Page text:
Sunday, March 30, 2014

Inspirational Sunday (26) - via the 2013 International Quilt Festival in Long Beach

I know while many of you appreciate art quilts in general, you prefer more traditional quilting methods.  So, this week's quilts are more traditional in nature.  Enjoy!

This first one is called, "Milady" by Sheri Hohman of Indianapolis, Indiana.  It is paper pieced and the design source is Lady of the Lake blocks.

"Milady" by Sheri Hohman of Indianapolis, Indiana

Her quilters statement, "My 'Want to Do' quilt folder had a picture of this quilt layout for Lady of the Lake blocks, which I believe came from one of McCall's quilt magazines.  I loved it, but had no real expectations of completing such a quilt project.  Then, in 2009, Edyta Sitar sponsored a half-square triangle exchange at The Back Door quilt store, in Greenwood, Indiana.  It included a deadline in spring of 2010 to complete a project using those half-square triangles.  Having a deadline and meeting Edyta for a show-and-tell inspired me to set a goal and complete the quilt."

I think the way she finished the edges of the quilt is neat.

Here is another Lady of Lake quilt.  This one is called, "Summer at the Lake" by Rahna Summerlin of Port Orange, Florida.  It is machine pieced and machine quilted.

"Summer at the Lake" by Rahna Summerlin of Port Orange, FL

She says, "The quilt was inspired by a Lady of the Lake quilt in the Land's End collection by Maggie Potter.  I reinterpreted it using over 200 different reproduction 1930's style fabrics.  No two blocks are the same.  While piecing the quilt over the summer, the fabrics reminded me of vintage children's playclothes, hence the title."

Have you ever looked through a catalog and seen a quilt you would like to make?  There's a particularly attractive clamshell one in the Pottery Barn catalog I would mind trying!

The next one is called, "Sunburst" by Connie Watkins of Waco, Texas.  It is hand pieced and hand quilted!!  The design source is a picture of an antique quilt from the 1800's.

"Sunburst" by Connie Watkins of Waco, TX

She says, "I saw a picture of an antique quilt that is in the Folk Art Museum in New York and knew I wanted to try to make it.  I didn't have a pattern, just a small picture."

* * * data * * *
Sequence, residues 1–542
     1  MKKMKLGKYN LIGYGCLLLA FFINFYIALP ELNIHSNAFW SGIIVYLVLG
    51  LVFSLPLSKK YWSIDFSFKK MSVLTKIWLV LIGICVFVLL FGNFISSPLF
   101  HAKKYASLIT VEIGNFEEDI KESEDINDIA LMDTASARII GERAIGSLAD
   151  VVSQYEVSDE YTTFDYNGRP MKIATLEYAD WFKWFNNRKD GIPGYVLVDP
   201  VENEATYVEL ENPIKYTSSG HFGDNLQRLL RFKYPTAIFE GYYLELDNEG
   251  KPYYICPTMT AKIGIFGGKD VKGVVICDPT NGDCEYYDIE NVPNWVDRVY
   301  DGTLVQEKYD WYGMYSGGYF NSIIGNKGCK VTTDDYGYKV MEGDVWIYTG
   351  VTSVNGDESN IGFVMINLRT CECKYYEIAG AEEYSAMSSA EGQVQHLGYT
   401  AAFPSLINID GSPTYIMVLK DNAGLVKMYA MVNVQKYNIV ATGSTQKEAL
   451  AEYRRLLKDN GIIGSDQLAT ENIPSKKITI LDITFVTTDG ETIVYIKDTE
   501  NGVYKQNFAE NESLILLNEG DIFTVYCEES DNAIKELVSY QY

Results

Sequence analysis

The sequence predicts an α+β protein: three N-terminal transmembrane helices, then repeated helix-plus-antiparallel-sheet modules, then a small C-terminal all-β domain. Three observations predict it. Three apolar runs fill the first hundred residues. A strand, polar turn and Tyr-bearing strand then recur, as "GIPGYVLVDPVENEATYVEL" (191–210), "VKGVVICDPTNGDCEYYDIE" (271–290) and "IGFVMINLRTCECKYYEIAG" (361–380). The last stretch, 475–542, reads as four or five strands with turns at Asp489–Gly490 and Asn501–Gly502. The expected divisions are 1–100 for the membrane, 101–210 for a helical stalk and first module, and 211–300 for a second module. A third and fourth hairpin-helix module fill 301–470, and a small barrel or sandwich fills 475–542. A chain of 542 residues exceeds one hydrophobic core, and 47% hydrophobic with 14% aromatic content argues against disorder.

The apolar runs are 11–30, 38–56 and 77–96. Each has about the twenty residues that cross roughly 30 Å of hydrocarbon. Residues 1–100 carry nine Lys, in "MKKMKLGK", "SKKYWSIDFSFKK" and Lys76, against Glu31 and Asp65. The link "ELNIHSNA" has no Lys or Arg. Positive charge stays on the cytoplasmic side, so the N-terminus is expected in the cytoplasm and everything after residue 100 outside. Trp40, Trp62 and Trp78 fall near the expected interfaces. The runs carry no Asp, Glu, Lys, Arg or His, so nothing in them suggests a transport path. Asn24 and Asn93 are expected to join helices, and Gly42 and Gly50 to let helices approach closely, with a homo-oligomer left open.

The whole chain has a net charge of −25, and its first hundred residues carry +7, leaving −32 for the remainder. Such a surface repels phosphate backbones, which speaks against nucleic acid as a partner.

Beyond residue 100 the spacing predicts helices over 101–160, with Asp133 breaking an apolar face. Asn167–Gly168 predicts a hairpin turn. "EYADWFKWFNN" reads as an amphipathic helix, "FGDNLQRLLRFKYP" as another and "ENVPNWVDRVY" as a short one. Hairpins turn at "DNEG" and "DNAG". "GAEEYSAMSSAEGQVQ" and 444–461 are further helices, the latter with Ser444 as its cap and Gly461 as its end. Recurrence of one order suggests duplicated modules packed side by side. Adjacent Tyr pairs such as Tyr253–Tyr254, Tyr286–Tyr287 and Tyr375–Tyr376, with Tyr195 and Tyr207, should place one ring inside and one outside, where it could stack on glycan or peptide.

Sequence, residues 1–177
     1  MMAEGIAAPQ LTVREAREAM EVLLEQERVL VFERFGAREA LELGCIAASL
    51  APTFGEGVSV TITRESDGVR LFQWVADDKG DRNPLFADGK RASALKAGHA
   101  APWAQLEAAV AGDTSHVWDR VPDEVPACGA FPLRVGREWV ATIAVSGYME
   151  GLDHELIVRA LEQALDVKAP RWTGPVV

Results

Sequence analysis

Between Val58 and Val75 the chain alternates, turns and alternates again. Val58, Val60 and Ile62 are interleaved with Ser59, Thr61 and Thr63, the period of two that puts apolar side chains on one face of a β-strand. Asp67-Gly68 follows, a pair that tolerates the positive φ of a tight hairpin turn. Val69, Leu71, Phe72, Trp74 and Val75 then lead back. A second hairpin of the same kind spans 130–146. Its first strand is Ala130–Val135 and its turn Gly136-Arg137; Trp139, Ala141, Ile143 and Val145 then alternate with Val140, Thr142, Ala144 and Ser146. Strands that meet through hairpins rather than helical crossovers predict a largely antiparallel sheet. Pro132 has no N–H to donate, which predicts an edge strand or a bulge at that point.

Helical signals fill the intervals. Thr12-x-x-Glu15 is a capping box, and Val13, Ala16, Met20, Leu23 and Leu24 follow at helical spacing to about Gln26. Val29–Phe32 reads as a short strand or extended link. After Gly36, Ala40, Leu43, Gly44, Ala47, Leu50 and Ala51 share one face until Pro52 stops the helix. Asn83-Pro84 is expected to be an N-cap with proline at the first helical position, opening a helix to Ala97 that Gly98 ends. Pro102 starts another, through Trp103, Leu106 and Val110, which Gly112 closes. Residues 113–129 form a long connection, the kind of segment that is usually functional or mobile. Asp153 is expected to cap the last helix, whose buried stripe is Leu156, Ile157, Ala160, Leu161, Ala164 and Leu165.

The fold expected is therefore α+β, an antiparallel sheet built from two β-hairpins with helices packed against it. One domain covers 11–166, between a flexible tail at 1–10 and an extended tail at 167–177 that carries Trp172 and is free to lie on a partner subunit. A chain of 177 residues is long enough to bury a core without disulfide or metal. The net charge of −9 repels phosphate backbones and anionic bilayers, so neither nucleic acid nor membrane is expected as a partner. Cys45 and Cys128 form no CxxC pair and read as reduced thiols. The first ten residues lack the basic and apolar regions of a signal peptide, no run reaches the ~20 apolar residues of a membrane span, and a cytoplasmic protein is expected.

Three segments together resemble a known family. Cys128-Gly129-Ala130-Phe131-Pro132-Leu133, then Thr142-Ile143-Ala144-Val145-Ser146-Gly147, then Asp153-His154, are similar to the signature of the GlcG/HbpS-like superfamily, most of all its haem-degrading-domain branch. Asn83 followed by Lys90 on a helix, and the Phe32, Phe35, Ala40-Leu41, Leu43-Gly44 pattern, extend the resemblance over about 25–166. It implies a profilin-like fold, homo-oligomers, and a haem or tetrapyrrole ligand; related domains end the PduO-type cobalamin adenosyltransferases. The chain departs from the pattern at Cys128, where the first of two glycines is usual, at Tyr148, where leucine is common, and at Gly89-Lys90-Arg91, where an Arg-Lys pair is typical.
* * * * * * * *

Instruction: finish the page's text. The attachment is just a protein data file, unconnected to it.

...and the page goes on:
"Sunburst" by Connie Watkins, close up

Isn't this just amazing?  The hand quilting is really something too!

Have you ever tried to duplicate a quilt based on a small picture you took somewhere?

This last one is called, "Meadow Lily" by Joan Cooper of Hemet, California, and quilted by Beth Lura.  It is pieced.  The design source is At Home with Thimbleberries Quilts by Lynette Jensen, Meadow Lily pattern.

Meadow Lily by Joan Cooper, quilted by Beth Lura of Hemet, CA

"This quilt was my first effort at quilting.  With the help of my daughter and husband, I purchased the material I'd need from the local hardware store, which also had a really nice fabric department.  My guild friends encouraged me to put this quilt in the Iowa State Fair that summer.  It won a blue ribbon for "My First Quilt".  I was both surprised and elated.  That was the summer of 2002.  I gave the quilt to my daughter who lives in Houston where she has displayed it in her home."

I think I initially snapped a picture of this quilt because the block reminded me of a similar block in the How Far Will You Go? QAL I participated in at The Elven Garden.   But really inspirational is the quilter's statement, there are so many interesting aspects!  It was her first quilt!   It is gorgeous, and here it hangs in an international quilt festival!  Also, I think I may need to go see that hardware store.  You know hardware stores are getting almost as rare as quilt shops.  I wonder if they combined if they would have better luck against the big box stores.  It sounds like the perfect date night destination for me.  Just sayin'!

Do you still have your first quilt?

Thanks for reading today,



  1. I have my first quilt - it's got very roughly 8" squares, and hardly any matching points! I initially backed it with an old sheet, but added fleece some years later, - and I cut a slit in the middle so I could put my head through, and I used it for years as a camp blanket when I took the girls camping - now luckily they are big enough to go without me !!!!

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